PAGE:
Luminescence

Luminescence is emission of light by a substance not resulting from heat; it is thus a form of cold-body radiation. It can be caused by chemical reactions, electrical energy, subatomic motions, or stress on a crystal. This distinguishes luminescence from incandescence, which is light emitted by a substance as a result of heating. Historically, radioactivity was thought of as a form of "radio-luminescence", although it is today considered to be separate since it involves more than electromagnetic radiation. The term 'luminescence' was introduced in 1888 by Eilhard Wiedemann.
UV-photoluminescence in the microbiological diagnostics

The dials, hands, scales, and signs of aviation and navigational instruments and markings are often coated with luminescent materials in a process known as "luminising".

  • Hannover Messe: New transparent luminous pigments provide high temperature stable protection against counterfeiting

    Research scientists at INM have developed luminous particles that can also withstand high temperatures. When activated by UV light or x-rays, they glow orange red.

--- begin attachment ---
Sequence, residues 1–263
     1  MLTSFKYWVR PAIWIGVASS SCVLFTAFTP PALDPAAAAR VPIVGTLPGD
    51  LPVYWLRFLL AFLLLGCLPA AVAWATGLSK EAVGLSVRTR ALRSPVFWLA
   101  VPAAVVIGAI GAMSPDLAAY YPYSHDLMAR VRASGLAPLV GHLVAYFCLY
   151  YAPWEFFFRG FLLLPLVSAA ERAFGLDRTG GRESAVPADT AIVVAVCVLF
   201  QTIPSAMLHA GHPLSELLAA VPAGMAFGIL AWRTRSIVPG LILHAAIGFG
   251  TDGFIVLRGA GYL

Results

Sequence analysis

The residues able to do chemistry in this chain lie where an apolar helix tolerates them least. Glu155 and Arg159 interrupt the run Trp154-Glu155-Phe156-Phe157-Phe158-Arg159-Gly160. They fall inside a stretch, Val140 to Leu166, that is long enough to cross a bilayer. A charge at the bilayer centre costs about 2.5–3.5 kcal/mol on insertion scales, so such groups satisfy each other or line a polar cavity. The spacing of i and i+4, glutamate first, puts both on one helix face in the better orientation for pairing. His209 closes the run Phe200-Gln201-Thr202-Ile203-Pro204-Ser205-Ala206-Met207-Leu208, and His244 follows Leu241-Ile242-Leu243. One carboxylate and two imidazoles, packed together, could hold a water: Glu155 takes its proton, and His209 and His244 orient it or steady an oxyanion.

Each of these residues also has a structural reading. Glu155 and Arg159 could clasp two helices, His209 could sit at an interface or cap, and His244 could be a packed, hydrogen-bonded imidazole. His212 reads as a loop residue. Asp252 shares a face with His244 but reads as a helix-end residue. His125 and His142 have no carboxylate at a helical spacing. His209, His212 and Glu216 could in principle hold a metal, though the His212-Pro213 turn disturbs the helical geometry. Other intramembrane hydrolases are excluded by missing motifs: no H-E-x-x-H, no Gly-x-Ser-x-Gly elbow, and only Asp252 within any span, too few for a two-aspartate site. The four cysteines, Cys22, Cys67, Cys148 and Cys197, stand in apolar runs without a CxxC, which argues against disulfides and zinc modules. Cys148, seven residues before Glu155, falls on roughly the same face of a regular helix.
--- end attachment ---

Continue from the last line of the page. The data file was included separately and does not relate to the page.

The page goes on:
• Industrial product and component labeling for extreme process conditions

    Researchers at Fraunhofer IKTS developed a robust solution for the individual labeling of components and products. It withstands extreme environmental influences, can be applied within seconds and read-out reliably. Therefore, the new development is suitable for the integration into industrial plants.

  • Invisible tags: Physicists at TU Dresden Write, Read and Erase Using Light

    A luminescent tag, contactless printed onto a plastic foil. The light emitting layer is thinner than a human hair. The imprint can be erased and replaced by another pattern. M. Gmelch and H. Thomas, TU Dresden

    A team of physicists headed by Prof. Sebastian Reineke of TU Dresden developed a new method of storing information in fully transparent plastic foils. Their innovative idea was now published in the renowned online journal “Science Advances”. Prof. Reineke and his LEXOS team work with simple plastic foils with a thickness of less than 50 µm, which is thinner than a human hair. In these transparent plastic foils, they introduce organic luminescent molecules. In the beginning, these molecules are in an inactive, dark state. By locally using ultraviolet irradiation, it is possible to turn this dark state into an active, luminescent one.